Trans-Pacific Trade Case Study

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Negotiations on the Trans-Pacific Partnership Trade are still currently underway. When finished, it will govern 40 percent of the United States’ imports and exports.
There are a few facts regarding the Trans-pacific Trade agreement; it is a proposed free trade between the U. S and 11 other countries bordering the Pacific Ocean (Australia, Brunei Darussalam, Canada, Chile, Japan, Malaysia, Mexico, New Zealand, Peru, Singapore, and Vietnam). The total gross domestic product of the parties involve is about $27.7 trillion, comprising 40 percent of global GDP and one-third of world trade. The goal is to remove tariffs on goods and services, which will allow competitive organizations to participate in new markets, hire workers at better wages,
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According to the Footwear Distributor and Retailer of America (FDRA) President Matt Priest, the agreement has the potential to permanently end all footwear import taxes from TPP partners on the first day of implementation. This could save the industry a quarter of a billion dollars in taxes alone – money that can be reinvested back into jobs, product development and savings for consumers. FDRA believes that delivering value to American consumers and growing innovative jobs in the footwear industry should be the U.S. Government’s top priority in the negotiations. 300,000 American footwear jobs should not be held hostage by a select few.
The shoe tariff was implemented as a protectionist measure in the 1930’s. It was to help protect a strong domestic footwear industry, but ended in the late 1970’s when production began to move offshore. From the American Apparel & Footwear Association’s 2013 stats report in 2012, more than 98.6 percent of the shoes purchased in the U.S. were produced outside the U.S., which leaves about 1.3 percent consumed footwear manufactured domestically to a total of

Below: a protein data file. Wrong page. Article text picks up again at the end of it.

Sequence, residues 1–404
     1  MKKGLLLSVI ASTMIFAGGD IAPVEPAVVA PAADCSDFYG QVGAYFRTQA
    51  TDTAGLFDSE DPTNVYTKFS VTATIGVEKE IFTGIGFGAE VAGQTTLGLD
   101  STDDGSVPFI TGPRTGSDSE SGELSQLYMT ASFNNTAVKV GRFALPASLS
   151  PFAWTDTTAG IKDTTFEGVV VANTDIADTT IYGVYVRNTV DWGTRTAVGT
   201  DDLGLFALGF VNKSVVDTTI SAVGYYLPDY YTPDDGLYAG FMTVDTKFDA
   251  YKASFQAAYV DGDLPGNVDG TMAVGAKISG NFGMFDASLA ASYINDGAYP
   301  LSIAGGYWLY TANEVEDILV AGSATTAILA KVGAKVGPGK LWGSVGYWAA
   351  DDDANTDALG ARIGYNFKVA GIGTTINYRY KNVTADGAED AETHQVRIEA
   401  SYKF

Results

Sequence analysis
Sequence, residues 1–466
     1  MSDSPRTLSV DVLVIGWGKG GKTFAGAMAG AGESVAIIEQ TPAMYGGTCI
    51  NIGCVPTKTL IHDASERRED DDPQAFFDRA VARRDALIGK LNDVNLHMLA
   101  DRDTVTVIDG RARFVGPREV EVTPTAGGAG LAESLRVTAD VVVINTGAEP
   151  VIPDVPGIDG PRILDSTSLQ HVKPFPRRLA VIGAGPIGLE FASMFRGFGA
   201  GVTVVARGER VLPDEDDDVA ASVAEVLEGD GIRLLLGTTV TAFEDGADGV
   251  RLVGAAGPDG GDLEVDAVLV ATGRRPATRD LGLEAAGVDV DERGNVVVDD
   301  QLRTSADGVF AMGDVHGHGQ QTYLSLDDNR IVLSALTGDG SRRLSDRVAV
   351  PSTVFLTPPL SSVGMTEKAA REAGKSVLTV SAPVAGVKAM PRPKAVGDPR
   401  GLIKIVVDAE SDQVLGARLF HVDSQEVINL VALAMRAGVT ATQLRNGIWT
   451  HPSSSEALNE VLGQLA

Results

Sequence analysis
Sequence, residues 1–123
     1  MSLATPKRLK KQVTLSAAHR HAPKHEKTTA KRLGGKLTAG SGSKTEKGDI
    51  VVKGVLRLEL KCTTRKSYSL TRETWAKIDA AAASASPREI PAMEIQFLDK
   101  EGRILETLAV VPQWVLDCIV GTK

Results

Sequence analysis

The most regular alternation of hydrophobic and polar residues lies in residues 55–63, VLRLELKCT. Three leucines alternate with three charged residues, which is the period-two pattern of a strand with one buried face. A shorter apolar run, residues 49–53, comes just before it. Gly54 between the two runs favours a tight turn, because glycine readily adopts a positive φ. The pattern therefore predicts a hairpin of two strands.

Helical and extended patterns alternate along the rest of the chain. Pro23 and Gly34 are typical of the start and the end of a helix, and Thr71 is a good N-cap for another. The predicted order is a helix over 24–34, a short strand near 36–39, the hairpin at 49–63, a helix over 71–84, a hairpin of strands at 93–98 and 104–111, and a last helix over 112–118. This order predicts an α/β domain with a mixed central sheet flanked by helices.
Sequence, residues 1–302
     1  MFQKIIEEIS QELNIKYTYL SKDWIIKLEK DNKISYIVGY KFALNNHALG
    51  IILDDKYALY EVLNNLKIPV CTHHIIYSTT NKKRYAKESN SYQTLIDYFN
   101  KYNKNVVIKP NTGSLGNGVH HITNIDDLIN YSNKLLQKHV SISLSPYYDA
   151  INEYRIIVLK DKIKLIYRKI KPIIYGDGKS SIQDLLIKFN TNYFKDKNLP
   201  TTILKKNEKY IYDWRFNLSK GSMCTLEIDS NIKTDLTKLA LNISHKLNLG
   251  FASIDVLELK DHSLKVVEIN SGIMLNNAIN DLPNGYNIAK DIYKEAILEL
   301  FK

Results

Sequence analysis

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The Negotiation is still active and very secretive regarding the Trans-Pacific Trade, and there are pros and cons for the 12 countries involved based on some of the documents that have been released. For Canada, it would affect its supply-managed industries. The prices of milk, cheese, eggs and poultry are regulated in Canada by carefully controlling the amount of each that is allowed to be produced domestically and placing high tariffs on imports. One advantage is that it will open markets for goods and service. However, it will also lose some domestics market share. In addition, household income gains $3.35B by 2035 and loses $2.04B by abstaining. In the case of Vietnam, the deal will open up a huge market for export, including to those countries where Vietnam has not yet signed a bilateral free trade agreement, including the United States, Canada and Mexico. The country’s gross domestic product is expected to increase by 26.2 billion U.S. dollars. Some of the challenges that Vietnam would be facing are requirements of origin, copyrights, transparency, equal treatment for SOEs and private sectors. New Zealand sees more roadblock than gain from the information that they have received so far. The New Zealand dollar is one of the world’s most traded currencies. Overseas investment makes up a significant part of the economy and the mainly foreign-owned banks operating in New Zealand have at times held
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